ps2 - University of California, Irvine Spring 2010 Priya...

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University of California, Spring 2010 I r v i n e P r i y a R a n j a n 161 C Problem Set # 2 (Due on 4.23.10) 1. This exercise uses the Heckscher-Ohlin model to predict the direction of trade. Consider the production of hand-made rugs and assembly line robots in Canada and India. a) Which country would you expect to be relatively labor-abundant? Capital-abundant? Why? b) Which industry would you expect to be relatively labor-intensive? Capital-intensive? Why? c) Given your answers to (a) and (b), draw representative production possibilities frontiers for each country. Assuming that consumer preferences are the same in both countries, add indifference curves and relative price lines (without trade) to your PPF graphs. What do the slopes of the price lines tell you about the direction of trade? d) Allowing for trade between countries, redraw the graphs and include a “trade triangle” for each country. Identify and label the vertical and horizontal sides of the triangles as either imports or exports. 2. Consider a country that produces two goods cloth (C) and food (F) with two factors of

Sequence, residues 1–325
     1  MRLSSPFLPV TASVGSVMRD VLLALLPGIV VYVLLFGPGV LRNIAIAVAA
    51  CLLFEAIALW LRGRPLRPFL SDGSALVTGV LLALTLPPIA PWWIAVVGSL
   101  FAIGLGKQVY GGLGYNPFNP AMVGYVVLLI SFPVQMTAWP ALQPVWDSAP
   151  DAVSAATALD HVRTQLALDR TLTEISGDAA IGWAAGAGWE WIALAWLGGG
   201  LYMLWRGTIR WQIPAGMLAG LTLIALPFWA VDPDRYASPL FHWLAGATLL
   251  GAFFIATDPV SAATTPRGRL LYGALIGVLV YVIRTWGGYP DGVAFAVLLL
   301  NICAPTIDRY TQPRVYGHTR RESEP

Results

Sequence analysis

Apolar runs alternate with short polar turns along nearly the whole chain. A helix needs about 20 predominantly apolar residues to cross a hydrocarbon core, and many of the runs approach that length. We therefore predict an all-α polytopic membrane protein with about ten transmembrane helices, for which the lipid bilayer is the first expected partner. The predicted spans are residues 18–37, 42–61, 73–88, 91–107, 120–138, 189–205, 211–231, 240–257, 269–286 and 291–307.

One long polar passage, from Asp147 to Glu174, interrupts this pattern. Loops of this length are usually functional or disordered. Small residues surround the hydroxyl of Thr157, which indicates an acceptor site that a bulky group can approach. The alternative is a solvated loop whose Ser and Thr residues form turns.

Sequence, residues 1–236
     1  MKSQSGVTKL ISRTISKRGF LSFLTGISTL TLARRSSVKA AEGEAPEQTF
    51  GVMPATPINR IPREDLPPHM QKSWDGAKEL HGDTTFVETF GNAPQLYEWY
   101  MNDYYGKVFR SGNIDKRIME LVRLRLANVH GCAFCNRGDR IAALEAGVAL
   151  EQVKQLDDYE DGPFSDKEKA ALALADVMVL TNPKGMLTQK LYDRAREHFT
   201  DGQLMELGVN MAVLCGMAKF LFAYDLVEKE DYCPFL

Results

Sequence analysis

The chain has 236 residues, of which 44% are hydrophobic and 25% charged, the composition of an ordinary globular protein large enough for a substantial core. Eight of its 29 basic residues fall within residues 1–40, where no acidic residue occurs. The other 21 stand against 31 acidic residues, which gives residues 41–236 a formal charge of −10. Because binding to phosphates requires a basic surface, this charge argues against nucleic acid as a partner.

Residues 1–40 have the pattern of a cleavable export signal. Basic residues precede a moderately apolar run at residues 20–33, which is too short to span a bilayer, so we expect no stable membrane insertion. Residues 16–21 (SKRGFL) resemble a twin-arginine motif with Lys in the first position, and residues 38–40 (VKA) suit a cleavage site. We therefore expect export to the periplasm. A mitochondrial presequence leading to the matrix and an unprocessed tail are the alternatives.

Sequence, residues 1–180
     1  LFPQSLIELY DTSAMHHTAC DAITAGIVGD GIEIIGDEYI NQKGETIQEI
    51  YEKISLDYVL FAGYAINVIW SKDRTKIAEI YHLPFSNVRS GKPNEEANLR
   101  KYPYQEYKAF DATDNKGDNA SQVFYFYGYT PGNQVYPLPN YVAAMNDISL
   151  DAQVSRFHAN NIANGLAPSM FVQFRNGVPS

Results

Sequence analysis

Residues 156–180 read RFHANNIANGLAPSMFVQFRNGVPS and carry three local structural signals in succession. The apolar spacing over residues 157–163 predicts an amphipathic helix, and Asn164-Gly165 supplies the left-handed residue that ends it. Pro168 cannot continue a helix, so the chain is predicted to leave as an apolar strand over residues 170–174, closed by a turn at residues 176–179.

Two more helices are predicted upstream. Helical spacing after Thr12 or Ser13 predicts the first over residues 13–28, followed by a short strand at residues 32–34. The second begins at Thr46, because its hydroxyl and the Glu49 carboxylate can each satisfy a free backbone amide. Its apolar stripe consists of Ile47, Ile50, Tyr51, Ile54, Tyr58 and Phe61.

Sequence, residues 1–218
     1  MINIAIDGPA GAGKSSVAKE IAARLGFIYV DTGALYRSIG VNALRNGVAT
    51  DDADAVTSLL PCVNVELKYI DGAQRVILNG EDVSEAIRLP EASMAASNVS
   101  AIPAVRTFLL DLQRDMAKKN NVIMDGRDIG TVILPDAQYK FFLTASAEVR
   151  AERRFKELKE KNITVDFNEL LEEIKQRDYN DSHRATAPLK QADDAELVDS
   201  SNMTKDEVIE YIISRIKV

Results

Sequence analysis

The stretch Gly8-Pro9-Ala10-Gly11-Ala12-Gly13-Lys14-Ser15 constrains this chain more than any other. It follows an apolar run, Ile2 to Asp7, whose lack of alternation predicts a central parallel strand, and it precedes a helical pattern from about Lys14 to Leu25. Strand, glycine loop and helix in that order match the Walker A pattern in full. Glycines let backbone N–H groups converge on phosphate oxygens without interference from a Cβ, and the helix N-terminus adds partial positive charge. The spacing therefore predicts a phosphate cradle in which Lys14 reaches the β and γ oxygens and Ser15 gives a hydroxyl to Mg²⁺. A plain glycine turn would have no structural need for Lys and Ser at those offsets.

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This note was uploaded on 04/22/2010 for the course ECON 161c taught by Professor Ranjan during the Spring '10 term at Massachusetts College of Liberal Arts.

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